Right, I just have a hard time getting my brain to hear it that way between v.6 and v.8. ὁ γὰρ ἀποθανὼν seems like it refers to the same subject as those verses. But that may just be my brain being stubborn. It also seems to me that the Matt/Luke usage is different (although, I admit, itself a bit opaque to me) than what you’re proposing for Rom 6. “Vindicate” doesn’t mean “be justly punished”. The “vindicate" sense of δικαιόω in Mat/Luke comes from an idea about what the “children” accomplish, and sin doesn’t do that. But anyway, it’s given me something to think about, so thanks! – Susan Jul 15 '15 at 1:59
By the way, do you know any commentators who make this argument? I'd be curious to see it worked out in more detail. – Susan Jul 15 '15 at 5:52

Hate to say it, but... a theological agenda, most likely. Most Bible versions are Protestant (and I'm a Protestant, just for the record), and Protestants tend to be nervous regarding "justification" being anything other than a "judicial" or "forensic" declaration.

Part of the problem here, however, is an anachronistic understanding of the role of a judge. Biblical judges were not of the type we encounter in modern courtrooms, issuing verdicts from their seats and doing nothing else. The Bible has an entire book called Judges, and although some of them no doubt had roles as arbitrators, their primary calling was one of deliverance for Israel. Such corporate deliverance was a divine declaration that God had forgiven Israel's sins of wandering (something similar is implied in the eschatological promise of Jer 31:34; the point surely is not that individual "forgiveness" would not be available until then, but that God would vindicate His people through eschatological, delivering intervention).

The upshot of things is that "freed" (or better, "delivered") and "justified" are not, biblically speaking, in any sort of tension. As Peter Leithart has said, divine justification is a "deliverdict" (deliver+verdict), the acting of the great Judge in overcoming sins.

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Romans 6:7 ὁ γὰρ ἀποθανὼν δεδικαίωται ἀπὸ τῆς ἁμαρτίας. (Rom 6:7 BGT)

The verb δικαιόω doesn't simply mean 'justified' it has the sense of being vindicated or been proven innocent. Certain lexicons point out that when the verb is in the passive voice it has the sense of being acquitted or freed from a court of law.

See from example the entry in Gingrich:

δικαιόω—1. justify, vindicate, treat as just Mt 11:19; Lk 10:29; 16:15. δ. τὸν θεόν acknowledge God's justice 7:29. God is proved to be right Ro 3:4; also Christ 1 Ti 3:16.—2. pass., with reference to people be acquitted, be pronounced and treated as righteous, in theological language be justified = receive the divine gift of δικαιοσύνη Mt 12:37; Ac 13:39; Ro 2:13; 5:1, 9; Gal 2:16f; Tit 3:7; Js 2:21, 24f. Act., of God's activity Ro 3:26, 30; Gal 3:8; for these and other passages make upright is possible. Make free or pure act. and pass. Ac 13:38f; Ro 6:7; 1 Cor 6:11. [pg 49]

see also louw-Nida

37.138 δικαιόωd: to cause to be released from the control of some state or situation involving moral issues—‘to release, to set free.’ ὁ γὰρ ἀποθανὼν δεδικαίωται ἀπὸ τῆς ἁμαρτίας ‘for when a person dies (to sin), he is released from (the power of) sin’ Ro 6:7. In a number of languages the rendering of this expression in Ro 6:7 is extremely difficult; first, because of the figurative meaning of ‘to die to sin’ and secondly, because of the phrase ‘to be released from sin.’ It may be necessary to introduce a simile into the first clause and then to restructure considerably the second clause if one cannot speak of ‘the power of sin’ but must regard sin as exercising some kind of direct control. Accordingly, one may sometimes translate this expression in Ro 6:7 as ‘when a person is, as it were, dead as far as sinning is concerned, then sin no longer dominates him’ or ‘… then he is not controlled by his desires to sin.’[Louw, J. P., & Nida, E. A. (1996). Greek-English lexicon of the New Testament: based on semantic domains (electronic ed. of the 2nd edition., Vol. 1, p. 488). New York: United Bible Societies.]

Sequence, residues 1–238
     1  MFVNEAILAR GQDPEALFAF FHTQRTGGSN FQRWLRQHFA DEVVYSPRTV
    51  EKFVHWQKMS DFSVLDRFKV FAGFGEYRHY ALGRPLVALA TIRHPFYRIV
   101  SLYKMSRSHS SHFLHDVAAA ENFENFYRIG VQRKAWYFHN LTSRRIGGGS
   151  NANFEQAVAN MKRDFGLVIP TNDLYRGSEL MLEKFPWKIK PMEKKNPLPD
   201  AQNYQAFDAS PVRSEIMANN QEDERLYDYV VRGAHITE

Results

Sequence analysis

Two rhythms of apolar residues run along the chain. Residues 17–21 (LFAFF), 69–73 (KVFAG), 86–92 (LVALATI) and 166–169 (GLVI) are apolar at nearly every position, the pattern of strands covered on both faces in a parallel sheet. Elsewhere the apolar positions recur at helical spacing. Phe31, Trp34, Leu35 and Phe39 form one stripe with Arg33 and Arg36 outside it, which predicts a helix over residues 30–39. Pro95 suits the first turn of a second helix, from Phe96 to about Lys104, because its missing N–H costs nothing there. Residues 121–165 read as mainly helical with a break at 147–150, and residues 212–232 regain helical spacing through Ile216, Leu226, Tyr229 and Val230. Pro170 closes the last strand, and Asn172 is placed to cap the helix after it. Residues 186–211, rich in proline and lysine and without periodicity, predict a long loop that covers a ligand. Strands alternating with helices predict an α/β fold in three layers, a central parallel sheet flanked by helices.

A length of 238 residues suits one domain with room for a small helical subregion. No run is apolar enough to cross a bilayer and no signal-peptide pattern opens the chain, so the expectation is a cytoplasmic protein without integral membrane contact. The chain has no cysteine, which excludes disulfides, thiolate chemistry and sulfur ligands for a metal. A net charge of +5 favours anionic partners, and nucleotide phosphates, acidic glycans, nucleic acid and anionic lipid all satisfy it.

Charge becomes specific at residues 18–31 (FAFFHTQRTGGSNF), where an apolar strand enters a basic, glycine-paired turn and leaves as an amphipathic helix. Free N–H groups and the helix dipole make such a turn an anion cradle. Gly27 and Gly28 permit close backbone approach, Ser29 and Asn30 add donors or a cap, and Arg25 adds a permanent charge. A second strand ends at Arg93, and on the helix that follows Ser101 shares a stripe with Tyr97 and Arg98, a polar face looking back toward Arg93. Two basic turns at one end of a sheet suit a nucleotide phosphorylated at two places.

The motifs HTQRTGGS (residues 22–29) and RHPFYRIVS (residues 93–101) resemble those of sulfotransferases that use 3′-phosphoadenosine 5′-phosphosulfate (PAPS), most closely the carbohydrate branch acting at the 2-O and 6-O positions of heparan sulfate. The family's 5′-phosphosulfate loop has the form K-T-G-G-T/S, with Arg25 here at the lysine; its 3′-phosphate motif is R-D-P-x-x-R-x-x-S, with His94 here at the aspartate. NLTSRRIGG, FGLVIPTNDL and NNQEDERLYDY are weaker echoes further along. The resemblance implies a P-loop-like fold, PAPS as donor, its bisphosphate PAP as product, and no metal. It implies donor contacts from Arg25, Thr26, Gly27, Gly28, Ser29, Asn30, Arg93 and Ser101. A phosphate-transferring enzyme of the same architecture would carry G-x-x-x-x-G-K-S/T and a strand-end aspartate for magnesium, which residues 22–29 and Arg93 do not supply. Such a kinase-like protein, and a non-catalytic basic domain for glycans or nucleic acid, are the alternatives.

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In the context, spiritual death died. That is, the old Adam died, and therefore the believer is spiritually alive.

Since spiritual death and spiritual life are mutually exclusive (that is, you are either one or the other but not both), the transition from spiritual death to spiritual life is when you are "born again."

When you are born again you are "free" from spiritual death, which was the original sin of Adam. We are no longer condemned, but justified (dedikaiwtai).

Since spiritual death and spiritual life are mutually exclusive (and thus we have no part in spiritual death anymore), we are freed (dedikaiwtai) from sin.

I think this is what the translators understood.

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I think that is what the translators were thinking. But why? Paul makes this theological point other places in Romans, so why force him to make it here? It seems the theological point Paul is making is obscured in the English because of this translation anomaly. – Jon Ericson Dec 20 '12 at 23:39
If we translated the passage to say "...he who has died is vindicated by his sins" we would be following the same grammatical construct (genitive of cause) as is found in Matt 11:19, where the context dictates we translate the idea as such (i.e., "wisdom is vindicated by her children"). Would that make more sense in the context of this passage in Romans, that "one who has died is vindicated by his sins"? Of course not. In the Romans passage it is not the genitive of cause, but the genitive of separation, which is in view. – Joseph Dec 21 '12 at 3:00